GATEKEEPER BLOG

Preventing stolen passwords.

Crazy Ways Hackers can Steal your Passwords

Cybercriminals are getting more sophisticated in their methods and use of technology when executing cyber attacks. Walls, fences, gates, turnstiles, guards, CCTV cameras – these all protect access. But passwords require digital walls, digital fences, digital turnstiles, and digital guards. Solutions like 2FA, password managers, IAM, SSO, and others make protecting passwords much easier for IT admins and end users. It’s not hard to deploy 2FA. But it is hard to suffer the consequences of a data breach that could have been avoidable with 2FA in place. Sure, shields are expensive. But when it’s raining cyber attack arrows, loosed in great volleys by sophisticated machines, we’re going to want that shield and more.

Preventing stolen passwords.

Hackers can see you type your password from miles away

Not all shoulder surfing happens from the person right behind you when you type your password to login. Weapons of choice for criminals can include simple cameras, high-power binoculars, and even public CCTV footage. There are so many results on the Internet when you search for how to hack CCTV cameras. A good many vulnerabilities stem from the weakness of using “default passwords”. An unsophisticated hacker can easily find default password conventions for a CCTV camera and target owners that have not changed the default password. An international hacker collective claimed to gain security camera data by hacking into s CCTV camera vendor. The hackers gained access to Verkada’s cameras through a “super” admin account. This vulnerability allowed the hackers to peer into the vendor’s customer’s cameras. It’s not always the vulnerability you’re prepared for that strikes. Sometimes, it’s unintentional. Remember when Kanye West typed in his phone’s password on national television? Kanye West’s password was “000000”.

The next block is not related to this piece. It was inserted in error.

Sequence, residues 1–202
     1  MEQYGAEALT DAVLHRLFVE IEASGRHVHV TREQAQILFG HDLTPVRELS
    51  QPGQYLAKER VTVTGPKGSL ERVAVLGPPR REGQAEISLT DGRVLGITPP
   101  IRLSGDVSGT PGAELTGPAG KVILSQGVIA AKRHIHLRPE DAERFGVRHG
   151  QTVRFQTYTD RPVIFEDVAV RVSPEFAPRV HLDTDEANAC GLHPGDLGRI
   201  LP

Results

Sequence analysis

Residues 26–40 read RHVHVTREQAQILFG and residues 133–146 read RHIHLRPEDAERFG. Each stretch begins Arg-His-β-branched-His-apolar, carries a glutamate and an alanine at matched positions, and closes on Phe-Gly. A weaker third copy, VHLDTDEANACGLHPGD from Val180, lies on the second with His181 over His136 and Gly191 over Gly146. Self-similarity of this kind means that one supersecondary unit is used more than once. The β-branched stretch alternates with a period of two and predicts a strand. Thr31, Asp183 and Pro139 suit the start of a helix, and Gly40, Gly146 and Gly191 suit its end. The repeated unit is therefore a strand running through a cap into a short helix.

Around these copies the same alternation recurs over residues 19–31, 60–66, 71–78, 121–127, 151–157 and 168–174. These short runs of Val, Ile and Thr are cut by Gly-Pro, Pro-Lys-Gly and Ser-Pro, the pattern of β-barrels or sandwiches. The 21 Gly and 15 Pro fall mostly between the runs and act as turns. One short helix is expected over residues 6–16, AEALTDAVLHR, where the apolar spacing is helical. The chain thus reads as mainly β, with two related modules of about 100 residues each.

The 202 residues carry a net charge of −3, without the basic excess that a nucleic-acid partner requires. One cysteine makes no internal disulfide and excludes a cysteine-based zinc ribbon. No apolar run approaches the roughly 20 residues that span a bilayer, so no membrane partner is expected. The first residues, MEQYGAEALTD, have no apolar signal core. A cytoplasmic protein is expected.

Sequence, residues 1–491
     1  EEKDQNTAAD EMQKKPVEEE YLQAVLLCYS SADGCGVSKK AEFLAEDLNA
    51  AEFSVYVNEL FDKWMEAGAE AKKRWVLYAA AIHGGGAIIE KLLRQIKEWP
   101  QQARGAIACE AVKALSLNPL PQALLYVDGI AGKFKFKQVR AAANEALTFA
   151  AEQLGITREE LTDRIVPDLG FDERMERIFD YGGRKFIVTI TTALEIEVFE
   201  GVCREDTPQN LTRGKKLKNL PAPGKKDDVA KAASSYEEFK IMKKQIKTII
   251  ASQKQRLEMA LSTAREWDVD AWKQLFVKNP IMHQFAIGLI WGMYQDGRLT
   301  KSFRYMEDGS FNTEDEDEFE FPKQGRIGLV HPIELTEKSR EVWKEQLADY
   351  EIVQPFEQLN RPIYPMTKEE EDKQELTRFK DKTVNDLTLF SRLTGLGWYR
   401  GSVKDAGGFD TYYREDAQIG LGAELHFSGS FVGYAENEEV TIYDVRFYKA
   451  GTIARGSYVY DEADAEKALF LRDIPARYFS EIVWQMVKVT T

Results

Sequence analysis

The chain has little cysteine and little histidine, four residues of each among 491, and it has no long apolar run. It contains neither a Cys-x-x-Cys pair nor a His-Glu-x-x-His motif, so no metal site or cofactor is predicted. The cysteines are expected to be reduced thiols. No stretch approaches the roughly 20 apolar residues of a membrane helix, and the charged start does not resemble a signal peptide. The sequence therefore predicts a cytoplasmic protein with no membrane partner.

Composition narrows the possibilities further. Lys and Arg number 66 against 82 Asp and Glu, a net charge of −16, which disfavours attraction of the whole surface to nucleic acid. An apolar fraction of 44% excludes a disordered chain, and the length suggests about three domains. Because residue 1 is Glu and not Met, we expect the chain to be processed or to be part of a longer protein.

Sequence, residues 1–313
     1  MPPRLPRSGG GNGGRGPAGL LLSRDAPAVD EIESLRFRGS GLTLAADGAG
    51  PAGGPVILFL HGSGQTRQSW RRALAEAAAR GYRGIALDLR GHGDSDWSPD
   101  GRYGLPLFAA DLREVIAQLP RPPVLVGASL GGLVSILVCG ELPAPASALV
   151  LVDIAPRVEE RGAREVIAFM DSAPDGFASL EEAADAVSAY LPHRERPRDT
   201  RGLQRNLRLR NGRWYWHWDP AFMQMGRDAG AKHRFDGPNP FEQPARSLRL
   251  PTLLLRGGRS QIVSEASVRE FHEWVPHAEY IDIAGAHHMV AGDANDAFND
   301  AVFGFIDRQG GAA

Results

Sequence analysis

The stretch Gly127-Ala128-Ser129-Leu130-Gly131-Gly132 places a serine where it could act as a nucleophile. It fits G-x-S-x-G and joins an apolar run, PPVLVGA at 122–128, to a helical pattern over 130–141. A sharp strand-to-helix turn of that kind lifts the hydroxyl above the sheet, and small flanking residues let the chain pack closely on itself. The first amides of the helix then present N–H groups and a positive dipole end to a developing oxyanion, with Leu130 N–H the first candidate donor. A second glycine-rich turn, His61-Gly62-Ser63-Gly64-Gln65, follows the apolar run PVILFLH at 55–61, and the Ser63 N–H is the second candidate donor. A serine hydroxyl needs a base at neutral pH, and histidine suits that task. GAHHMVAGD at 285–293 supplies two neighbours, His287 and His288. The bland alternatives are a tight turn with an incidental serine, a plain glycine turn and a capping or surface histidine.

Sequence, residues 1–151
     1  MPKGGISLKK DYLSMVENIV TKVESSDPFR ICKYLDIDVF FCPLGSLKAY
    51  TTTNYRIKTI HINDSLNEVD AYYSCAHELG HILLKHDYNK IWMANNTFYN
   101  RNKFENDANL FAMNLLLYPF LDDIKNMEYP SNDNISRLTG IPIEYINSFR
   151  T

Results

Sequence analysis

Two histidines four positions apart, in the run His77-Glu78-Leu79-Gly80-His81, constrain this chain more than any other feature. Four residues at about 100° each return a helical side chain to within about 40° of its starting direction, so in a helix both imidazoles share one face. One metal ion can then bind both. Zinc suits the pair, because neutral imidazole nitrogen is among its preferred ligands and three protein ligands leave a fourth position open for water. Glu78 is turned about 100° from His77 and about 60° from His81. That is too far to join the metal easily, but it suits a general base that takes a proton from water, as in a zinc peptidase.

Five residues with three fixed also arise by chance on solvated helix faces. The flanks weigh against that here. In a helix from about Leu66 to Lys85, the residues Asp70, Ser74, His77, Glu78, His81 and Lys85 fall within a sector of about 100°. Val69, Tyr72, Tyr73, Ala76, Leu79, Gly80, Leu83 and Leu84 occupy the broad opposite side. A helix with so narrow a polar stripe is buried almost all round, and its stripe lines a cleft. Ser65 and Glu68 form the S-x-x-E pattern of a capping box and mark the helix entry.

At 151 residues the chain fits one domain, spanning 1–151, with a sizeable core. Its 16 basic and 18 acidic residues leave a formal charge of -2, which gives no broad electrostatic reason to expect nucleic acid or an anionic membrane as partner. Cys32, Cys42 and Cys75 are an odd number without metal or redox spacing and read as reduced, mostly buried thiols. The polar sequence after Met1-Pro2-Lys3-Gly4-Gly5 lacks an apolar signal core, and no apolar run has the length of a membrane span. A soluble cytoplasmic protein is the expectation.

Hackers can hear you type your passwords

Researchers have proven that it’s relatively easy to decipher what someone’s typing just by listening. Check out Keyboard Snooping from Mobile Phone Arrays with Mixed Convolutional and Recurrent Neural Networks. If researchers published this in 2019, it’s very possible that some criminal organizations could have successfully built and used a program to glean passwords just by listening. How do we defend against someone listening to you type? Keyboard mufflers? But using an authentication mechanism that doesn’t require you to throw a blanket over your laptop every time you login solves this problem. Use biometrics or a physical token to login, instead of typing easily-exposed passwords.

Fake sites can target reused password

Phishing sites attempt to get you to type in your username and password on their illegitimate sites. But what can also happen is that you create an account on a malicious site using your “usual” username and password combination. Then, it won’t be that hard for the owner of the malicious site to use your “usual” username and password combination to try reusing your credentials on other sites to try to gain access (credential stuffing). One way to prevent this is by using a unique password for every account. That way, any compromised passwords won’t compromise any other account. Use a secure password manager to save all of those long, complex passwords that are unique to each account. These cyber criminals are getting clever. Let’s not fall behind them.

Capterra Best Value for Authentication Jun-20
Capterra Ease of Use for Authentication Jun-20

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